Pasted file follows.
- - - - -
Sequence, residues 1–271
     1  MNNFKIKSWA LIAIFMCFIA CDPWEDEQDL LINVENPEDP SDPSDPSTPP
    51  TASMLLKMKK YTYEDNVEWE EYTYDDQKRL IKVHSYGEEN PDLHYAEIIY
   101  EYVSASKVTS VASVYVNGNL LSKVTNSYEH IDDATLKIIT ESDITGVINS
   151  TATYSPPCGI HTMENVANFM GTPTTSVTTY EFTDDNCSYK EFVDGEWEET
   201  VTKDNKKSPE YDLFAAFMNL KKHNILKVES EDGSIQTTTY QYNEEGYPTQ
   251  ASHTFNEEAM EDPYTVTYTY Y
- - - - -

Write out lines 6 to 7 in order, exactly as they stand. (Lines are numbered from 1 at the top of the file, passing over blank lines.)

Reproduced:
   201  VTKDNKKSPE YDLFAAFMNL KKHNILKVES EDGSIQTTTY QYNEEGYPTQ
   251  ASHTFNEEAM EDPYTVTYTY Y